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If you've ever been sick to your stomach on a rocking boat or a bumpy airplane ride, you know the discomfort of motion sickness. It doesn't cause long-term problems, but it can make your life miserable, especially if you travel a lot.
Children from 5 to 12 years old, women, and older adults get motion sickness more than others do. It's rare in children younger than 2.
Motion sickness is sometimes called airsickness, seasickness, or carsickness.
Motion sickness can cause:
Symptoms will usually go away soon after the motion stops.
You get motion sickness when one part of your balance-sensing system (your inner ear, eyes, and sensory nerves) senses that your body is moving, but the other parts don't. For example, if you are in the cabin of a moving ship, your inner ear may sense the motion of waves, but your eyes don't see any movement. This conflict between the senses causes motion sickness.
You may feel sick from the motion of cars, airplanes, trains, amusement park rides, or boats or ships. You could also get sick from video games, flight simulators, or looking through a microscope. In these cases, your eyes see motion, but your body doesn't sense it.
You can take medicine to prevent or reduce nausea and vomiting. These include:
Some of these medicines require a prescription. Most work best if you take them before you travel.
These tips may help you feel better when you have motion sickness:
It's best to try to prevent motion sickness, because symptoms are hard to stop after they start. After symptoms start, you may feel better only after the motion stops.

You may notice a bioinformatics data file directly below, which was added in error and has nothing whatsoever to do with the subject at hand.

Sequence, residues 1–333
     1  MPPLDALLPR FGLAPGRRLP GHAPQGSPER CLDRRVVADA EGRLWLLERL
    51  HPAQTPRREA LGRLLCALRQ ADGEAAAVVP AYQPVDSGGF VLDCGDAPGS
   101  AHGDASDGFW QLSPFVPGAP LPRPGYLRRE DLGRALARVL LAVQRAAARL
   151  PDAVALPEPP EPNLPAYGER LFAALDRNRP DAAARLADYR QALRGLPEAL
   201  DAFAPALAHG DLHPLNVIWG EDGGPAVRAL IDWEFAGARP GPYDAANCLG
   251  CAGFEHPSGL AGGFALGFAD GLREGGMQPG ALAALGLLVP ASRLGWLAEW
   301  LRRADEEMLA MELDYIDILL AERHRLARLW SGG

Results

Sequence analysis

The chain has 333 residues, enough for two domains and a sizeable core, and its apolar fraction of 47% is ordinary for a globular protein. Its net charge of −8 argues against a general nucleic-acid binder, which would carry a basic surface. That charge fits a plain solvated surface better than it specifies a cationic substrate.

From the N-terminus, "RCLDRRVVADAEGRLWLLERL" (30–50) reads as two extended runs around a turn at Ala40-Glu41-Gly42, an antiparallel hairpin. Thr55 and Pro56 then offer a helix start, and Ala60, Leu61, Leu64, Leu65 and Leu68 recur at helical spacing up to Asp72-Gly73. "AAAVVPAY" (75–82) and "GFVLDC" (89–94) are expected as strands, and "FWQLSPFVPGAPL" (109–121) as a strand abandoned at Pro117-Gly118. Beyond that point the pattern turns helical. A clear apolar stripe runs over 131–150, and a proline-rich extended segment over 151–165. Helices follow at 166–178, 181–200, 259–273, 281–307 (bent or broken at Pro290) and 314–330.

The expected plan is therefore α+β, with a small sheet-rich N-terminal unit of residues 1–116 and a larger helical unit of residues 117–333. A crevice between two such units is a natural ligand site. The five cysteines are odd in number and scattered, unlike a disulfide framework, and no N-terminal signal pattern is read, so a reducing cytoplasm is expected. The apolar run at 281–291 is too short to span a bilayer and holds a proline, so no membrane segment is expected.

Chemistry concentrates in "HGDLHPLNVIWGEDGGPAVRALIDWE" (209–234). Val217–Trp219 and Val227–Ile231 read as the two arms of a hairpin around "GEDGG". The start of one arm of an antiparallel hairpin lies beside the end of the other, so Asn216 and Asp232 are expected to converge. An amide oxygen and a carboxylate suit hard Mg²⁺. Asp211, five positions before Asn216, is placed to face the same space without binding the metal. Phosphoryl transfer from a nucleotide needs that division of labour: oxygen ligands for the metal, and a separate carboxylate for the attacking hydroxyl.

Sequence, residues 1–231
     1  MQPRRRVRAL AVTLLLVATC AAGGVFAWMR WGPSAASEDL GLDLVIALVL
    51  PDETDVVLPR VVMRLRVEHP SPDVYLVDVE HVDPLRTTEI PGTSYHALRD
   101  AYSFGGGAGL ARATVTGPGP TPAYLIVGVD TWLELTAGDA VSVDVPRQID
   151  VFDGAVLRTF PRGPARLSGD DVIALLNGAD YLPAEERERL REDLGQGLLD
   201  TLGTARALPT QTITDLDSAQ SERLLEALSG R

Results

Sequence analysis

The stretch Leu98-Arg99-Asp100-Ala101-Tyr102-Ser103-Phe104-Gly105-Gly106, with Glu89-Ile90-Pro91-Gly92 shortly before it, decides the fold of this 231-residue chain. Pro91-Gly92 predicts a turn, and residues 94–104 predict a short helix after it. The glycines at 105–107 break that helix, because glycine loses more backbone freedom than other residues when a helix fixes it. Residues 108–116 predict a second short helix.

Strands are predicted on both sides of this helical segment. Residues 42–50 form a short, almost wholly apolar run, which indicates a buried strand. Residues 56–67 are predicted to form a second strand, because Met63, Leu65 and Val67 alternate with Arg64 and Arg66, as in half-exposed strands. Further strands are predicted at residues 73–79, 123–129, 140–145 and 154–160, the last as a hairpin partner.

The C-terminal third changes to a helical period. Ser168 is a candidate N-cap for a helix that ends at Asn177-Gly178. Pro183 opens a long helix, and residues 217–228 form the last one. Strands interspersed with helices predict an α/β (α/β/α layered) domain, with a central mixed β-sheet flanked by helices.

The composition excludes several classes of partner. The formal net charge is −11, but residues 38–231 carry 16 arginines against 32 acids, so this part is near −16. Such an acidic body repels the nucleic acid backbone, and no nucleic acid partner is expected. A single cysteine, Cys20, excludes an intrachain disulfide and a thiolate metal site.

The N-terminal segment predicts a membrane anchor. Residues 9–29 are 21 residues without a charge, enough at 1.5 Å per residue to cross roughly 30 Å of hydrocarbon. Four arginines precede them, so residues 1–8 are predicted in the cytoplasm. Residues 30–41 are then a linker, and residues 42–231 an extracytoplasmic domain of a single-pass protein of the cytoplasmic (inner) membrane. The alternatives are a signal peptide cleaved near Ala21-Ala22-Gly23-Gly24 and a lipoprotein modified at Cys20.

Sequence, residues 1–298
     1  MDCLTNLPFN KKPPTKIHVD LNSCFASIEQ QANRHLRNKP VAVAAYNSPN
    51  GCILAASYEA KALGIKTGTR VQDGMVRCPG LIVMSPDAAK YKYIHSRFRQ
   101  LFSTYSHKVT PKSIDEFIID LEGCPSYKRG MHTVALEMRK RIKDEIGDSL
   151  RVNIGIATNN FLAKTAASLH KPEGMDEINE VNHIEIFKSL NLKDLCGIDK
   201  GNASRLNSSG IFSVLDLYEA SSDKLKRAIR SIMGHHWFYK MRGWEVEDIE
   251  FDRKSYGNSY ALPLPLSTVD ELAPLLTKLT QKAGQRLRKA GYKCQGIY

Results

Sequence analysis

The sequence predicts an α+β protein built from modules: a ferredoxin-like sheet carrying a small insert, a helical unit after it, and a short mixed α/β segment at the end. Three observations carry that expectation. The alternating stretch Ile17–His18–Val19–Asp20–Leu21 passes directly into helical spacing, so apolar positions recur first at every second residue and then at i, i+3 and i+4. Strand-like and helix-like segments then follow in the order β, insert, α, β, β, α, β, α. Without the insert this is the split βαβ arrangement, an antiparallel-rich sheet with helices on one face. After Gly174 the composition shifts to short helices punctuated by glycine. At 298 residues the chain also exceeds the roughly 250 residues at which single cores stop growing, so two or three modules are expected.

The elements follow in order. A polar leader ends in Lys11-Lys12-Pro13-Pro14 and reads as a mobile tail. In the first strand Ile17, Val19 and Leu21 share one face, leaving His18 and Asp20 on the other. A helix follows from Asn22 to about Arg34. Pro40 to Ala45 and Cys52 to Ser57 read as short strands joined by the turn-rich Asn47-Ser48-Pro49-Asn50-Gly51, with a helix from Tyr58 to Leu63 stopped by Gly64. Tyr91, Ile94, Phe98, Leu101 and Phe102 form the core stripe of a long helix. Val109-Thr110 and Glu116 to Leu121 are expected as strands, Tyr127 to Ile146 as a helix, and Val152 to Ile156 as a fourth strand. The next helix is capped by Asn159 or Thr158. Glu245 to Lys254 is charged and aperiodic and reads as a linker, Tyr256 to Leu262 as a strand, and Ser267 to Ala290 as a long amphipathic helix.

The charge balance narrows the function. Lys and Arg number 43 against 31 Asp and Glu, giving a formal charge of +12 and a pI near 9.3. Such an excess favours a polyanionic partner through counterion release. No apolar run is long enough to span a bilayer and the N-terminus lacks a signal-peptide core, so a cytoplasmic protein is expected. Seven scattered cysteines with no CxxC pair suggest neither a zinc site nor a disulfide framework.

These general tips may help you avoid motion sickness:
To avoid motion sickness when you travel by car:
When you travel by airplane:
When you travel by ship or boat:
Many people try other methods of preventing motion sickness, such as taking powdered ginger capsules or wearing acupressure wristbands. There isn't much evidence that they help, but it's safe to try them.
Learning about motion sickness:
Living with motion sickness:
|141 Northwest Point Boulevard|
|Elk Grove Village, IL 60007|
This American Academy of Pediatrics website has information for parents about childhood issues, from before the child is born to young adulthood. You'll find information on child growth and development, immunizations, safety, health issues, behavior, and much more.
|American Academy of Otolaryngology|
|1650 Diagonal Road|
|Alexandria, VA 22314-2857|
The American Academy of Otolaryngology is a society of doctors who treat ear, nose, and throat conditions. The organization provides information on a variety of ailments, including dizziness and motion sickness, allergies, and sinus problems.
|Centers for Disease Control and Prevention: Travelers' Health|
|1600 Clifton Road|
|Atlanta, GA 30333|
The CDC's Travelers' Health Web site provides health information for the traveler. The Web site provides information on immunizations that are needed for travel to various areas of the world. It also provides information for safe travel, including traveling with children and with people who have special needs. Information about current outbreaks of disease in the world is also provided. The CDC is the leading federal agency for protecting U.S. citizens' health and safety by providing credible health information and health promotion.
Other Works Consulted
- Carroll ID (2012). Motion sickness. In GW Brunette et al., eds., CDC Health Information for International Travel 2012: The Yellow Book. New York: Oxford University Press. Also available online: http://wwwnc.cdc.gov/travel/yellowbook/2012/chapter-2-the-pre-travel-consultation/motion-sickness.htm.
- Jacobs ME, Hawley CG (2012). Safety and survival at sea. In PS Auerbach, ed., Wilderness Medicine, 6th ed., pp. 1666–1692. Philadelphia: Mosby.
- Krilov LR (2011). Travel medicine. In ET Bope et al., eds., Conn's Current Therapy 2011, pp. 158–163. Philadelphia: Saunders.
|Primary Medical Reviewer||Anne C. Poinier, MD - Internal Medicine|
|Specialist Medical Reviewer||Brian D. O'Brien, MD - Internal Medicine|
|Last Revised||July 16, 2013|
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